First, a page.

To finalise, the COVID-19 helped the regime to experiment with a new toolkit of manipulations and repressive measures – new restrictions on gatherings, new forms of voting. There are grounds to believe that the vote on constitutional amendments is better to take place as soon as possible because political support is not expected to remain high. On the other hand, this time the regime attacked its loyal voters. Loyal majority kept voting for the regime, but when the state was most needed, it backed down from its ‘duties’. Ironically, excessive regulatory intervention of the state in business and non-commercial sectors turned out to be a laisser-faire strategy when it was most needed. Thus, Russia will remain about the same, but poorer and more repressive.

The full recording of the panel discussion is available below:

Neither Referendum, nor Vote: How COVID-19 Helps V. Putin to Maintain Political Power

On Monday, 1st of June, President Putin signed the executive order on setting the date for the nationwide vote on amendments to the Constitution of the Russian Federation. The vote was originally scheduled for the 22nd of April, but it was postponed until further notice in late March due to the spread of the coronavirus in Russia. According to the executive order, the nationwide vote will take place on the 1st of July. The vote will start after the postponed to 24th of June Victory Parade and will end before the start of first school graduation exams, which were also postponed. All Russian regional legislatures and the Federal Assembly have already approved the amendments in March. After that, on 14th of March, Putin signed a bill according to which the amendments will be effective after Russian population approves them through the national vote. Amendments will be passed if more than half of the voters support them, and there is no requirement for a voter turnout percentage for voting to be eligible. This week, in our ninth post of the “Politics and Pandemics” special series, Margarita Zavadskaya and Elena Gorbacheva comment on the national vote and how the ongoing pandemic will and already is affecting it.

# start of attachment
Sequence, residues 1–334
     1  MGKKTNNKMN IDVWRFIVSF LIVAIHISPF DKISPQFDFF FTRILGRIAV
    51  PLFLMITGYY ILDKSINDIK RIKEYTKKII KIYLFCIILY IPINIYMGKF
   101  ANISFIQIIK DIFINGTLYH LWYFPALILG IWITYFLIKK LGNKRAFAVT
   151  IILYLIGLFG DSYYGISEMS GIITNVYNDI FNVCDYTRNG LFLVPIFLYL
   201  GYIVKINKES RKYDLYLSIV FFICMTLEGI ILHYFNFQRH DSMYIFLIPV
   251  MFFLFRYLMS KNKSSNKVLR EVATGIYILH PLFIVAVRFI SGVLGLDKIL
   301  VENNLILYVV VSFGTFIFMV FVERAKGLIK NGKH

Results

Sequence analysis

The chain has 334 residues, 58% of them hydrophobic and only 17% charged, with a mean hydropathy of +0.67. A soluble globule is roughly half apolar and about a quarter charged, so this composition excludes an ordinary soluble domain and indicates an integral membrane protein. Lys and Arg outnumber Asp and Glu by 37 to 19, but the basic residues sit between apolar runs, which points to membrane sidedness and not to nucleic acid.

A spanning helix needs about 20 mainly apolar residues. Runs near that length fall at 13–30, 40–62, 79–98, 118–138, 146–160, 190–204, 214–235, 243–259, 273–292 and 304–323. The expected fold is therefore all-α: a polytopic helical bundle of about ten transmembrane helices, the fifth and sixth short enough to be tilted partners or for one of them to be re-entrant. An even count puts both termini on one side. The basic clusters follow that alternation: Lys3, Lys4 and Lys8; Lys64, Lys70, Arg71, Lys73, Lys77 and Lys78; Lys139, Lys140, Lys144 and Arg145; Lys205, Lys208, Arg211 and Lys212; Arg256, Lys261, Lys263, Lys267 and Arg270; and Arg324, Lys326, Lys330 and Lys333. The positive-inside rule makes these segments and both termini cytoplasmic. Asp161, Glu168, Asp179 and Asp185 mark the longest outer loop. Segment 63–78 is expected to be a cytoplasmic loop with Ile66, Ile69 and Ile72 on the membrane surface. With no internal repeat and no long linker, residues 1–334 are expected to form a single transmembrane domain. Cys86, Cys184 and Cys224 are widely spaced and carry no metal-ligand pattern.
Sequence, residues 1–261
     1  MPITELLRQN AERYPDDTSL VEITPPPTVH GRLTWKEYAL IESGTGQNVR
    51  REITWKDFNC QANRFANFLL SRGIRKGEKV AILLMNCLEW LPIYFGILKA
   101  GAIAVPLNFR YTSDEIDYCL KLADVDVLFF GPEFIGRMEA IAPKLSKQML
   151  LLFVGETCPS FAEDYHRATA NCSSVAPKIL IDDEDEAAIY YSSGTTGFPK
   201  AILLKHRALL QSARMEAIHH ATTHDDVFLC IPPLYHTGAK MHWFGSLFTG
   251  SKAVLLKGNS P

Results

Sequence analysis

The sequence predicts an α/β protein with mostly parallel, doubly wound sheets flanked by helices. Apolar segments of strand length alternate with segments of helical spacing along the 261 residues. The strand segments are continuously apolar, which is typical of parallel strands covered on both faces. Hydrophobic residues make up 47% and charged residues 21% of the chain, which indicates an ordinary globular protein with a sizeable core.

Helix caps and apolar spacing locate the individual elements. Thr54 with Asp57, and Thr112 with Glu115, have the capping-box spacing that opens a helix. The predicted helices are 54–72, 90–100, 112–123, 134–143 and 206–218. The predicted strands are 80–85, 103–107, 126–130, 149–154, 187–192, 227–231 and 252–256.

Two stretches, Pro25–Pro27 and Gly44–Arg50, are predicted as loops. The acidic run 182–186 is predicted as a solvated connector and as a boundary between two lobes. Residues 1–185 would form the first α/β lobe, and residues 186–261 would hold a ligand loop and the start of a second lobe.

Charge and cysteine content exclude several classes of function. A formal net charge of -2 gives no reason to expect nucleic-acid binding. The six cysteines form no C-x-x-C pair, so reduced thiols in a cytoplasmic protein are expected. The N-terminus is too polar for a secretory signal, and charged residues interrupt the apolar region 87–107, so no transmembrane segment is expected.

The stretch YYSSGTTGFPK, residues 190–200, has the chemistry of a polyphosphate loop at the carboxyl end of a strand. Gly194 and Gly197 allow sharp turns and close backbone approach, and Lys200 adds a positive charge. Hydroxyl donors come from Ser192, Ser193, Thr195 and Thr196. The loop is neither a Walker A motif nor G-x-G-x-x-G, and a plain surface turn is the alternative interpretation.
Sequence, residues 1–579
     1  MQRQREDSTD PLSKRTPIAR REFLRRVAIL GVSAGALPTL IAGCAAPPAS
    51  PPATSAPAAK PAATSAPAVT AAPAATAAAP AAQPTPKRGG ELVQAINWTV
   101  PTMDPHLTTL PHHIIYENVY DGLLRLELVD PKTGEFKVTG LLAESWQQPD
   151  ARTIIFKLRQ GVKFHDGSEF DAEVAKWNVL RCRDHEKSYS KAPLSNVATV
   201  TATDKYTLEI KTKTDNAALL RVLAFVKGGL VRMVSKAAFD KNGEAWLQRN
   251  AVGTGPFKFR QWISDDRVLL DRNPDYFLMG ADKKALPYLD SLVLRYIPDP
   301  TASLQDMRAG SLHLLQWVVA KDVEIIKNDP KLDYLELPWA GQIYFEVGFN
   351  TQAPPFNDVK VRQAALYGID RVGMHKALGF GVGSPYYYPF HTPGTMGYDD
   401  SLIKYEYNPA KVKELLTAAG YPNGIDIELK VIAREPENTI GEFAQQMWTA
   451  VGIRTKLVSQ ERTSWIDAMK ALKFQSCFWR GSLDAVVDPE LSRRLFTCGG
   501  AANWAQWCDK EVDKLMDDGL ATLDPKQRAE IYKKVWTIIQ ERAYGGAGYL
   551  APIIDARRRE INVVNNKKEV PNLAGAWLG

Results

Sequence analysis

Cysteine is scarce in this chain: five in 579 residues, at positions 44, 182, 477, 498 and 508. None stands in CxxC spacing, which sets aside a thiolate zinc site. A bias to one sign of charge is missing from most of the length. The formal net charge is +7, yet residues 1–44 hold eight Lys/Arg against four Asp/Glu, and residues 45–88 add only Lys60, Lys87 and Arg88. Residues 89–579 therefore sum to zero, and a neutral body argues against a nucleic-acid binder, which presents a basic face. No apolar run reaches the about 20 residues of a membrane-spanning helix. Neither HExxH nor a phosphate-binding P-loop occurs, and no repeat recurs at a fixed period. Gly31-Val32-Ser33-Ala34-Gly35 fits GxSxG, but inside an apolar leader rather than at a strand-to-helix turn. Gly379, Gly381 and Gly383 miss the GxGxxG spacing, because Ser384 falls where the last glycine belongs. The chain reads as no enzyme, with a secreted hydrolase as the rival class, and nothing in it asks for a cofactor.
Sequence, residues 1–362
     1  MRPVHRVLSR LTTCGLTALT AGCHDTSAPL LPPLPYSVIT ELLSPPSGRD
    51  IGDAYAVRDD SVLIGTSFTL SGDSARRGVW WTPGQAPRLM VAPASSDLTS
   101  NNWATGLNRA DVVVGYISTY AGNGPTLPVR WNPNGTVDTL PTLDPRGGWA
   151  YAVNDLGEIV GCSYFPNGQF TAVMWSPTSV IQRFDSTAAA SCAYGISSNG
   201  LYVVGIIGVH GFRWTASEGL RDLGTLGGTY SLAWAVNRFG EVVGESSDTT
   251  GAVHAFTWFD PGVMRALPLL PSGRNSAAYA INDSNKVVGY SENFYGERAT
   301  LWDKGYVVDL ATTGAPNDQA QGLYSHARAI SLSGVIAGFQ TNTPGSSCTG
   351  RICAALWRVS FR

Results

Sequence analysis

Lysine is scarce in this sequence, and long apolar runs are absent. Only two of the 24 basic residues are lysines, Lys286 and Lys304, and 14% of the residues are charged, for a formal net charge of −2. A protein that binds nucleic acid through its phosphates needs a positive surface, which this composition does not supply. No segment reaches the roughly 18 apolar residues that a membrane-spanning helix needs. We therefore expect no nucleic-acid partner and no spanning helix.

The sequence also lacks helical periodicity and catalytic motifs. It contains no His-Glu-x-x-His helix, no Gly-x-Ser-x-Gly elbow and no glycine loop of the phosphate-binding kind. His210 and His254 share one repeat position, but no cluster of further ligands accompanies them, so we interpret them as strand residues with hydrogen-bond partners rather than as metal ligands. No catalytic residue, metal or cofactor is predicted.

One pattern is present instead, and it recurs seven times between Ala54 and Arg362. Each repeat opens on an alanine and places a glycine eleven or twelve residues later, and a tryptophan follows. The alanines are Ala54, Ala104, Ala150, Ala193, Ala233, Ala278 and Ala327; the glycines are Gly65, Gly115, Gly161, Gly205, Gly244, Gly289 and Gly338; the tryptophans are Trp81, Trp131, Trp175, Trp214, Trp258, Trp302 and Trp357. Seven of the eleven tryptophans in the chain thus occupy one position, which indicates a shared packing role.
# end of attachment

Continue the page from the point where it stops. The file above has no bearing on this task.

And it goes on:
Voting on constitutional amendments is heavily loaded with symbolic value for the current regime and most importantly aims at extending V. Putin’s presidential terms. All this comes in a single package with extravagant textual novelties such as support for ‘traditional family’ to shift the attention and to lure conservative and unsophisticated electorate. Usually, natural and health disasters boost political support thereby spurring the rallying effect in the population. On the other hand, the economic situation is getting grimmer and there is a large consensus among observers that the existing policy measures to support citizens, vulnerable groups, and business are ill-designed, insufficient, and untimely. So far, political responsibility has been shared in a way that the president delivered ‘the good news’, while dealing with unpleasant practicalities was delegated to the government agencies and regions. The question is whether the regime is attempting to catch the wave of national rallying around the leader in the times of the pandemic? 

As long as the decision to extend V. Putin’s presidential terms by means of the constitutional vote had taken place before the COVID-19 emergency, further postponement of the vote is utterly undesirable as the economic conditions will worsen. This is not to say that Russian voters would immediately withdraw their support from the president – usually, under non-democratic regimes, political support has significant inertia and may remain high even under dramatic economic downturns – however, this increases the uncertainty and may give more leverage to the opposition. At the meeting with Vladimir Putin on 1st of June,  co-chair of the working group to draft proposals on amending the Constitution Taliya Khabriyeva stated, that the relevance of the amendments was highlighted during the pandemic, as, in Khabriyeva words, the breakthrough in COVID-19 treatment is not possible without proper legal regulation of science, which is not possible under the current Constitution. Thus, the timing is of utmost importance to have the mission accomplished. 

How the vote is going to look like given the alarming situation with the COVID-19 in Russia? Chair of the Central Election Commission Ella Pamfilova promised that all people participating in the voting will be equipped with face masks, gloves, and single-use pens, and there will also be hand disinfectants at place. All members of election commissions will be tested on coronavirus, and voters’ temperature will be checked. Additionally, Pamfilova suggested that the voting would be taking place for 6 days before the official date on the 1st of July so that fewer people would be present at polling stations. Voting at home opportunities will be also enhanced for those who cannot come to the designated stations, and online voting might be organised in 2-3 regions. Pamfilova also mentioned that Russia reflects on the experience of other states who held elections during the pandemic, and said that Russian procedures will be even more efficient. For example, Russia will not use voting by post, as this procedure, according to Pamfilova, cannot be efficiently controlled neither in a sanitary sense nor under considerations of election observation. Vote by post was, however, enabled on the 13th of May this year.